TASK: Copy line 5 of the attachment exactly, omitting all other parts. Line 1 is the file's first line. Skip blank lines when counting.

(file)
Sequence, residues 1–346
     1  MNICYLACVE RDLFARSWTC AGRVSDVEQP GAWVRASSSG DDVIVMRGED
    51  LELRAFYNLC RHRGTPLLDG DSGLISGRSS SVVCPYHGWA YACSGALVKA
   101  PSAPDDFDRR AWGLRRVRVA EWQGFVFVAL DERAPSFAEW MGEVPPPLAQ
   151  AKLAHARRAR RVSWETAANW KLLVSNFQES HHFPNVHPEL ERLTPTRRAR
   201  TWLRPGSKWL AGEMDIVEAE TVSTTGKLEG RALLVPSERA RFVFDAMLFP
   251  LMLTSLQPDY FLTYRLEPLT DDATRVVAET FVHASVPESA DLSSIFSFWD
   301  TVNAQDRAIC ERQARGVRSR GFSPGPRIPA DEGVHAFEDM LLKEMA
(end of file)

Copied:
   151  AKLAHARRAR RVSWETAANW KLLVSNFQES HHFPNVHPEL ERLTPTRRAR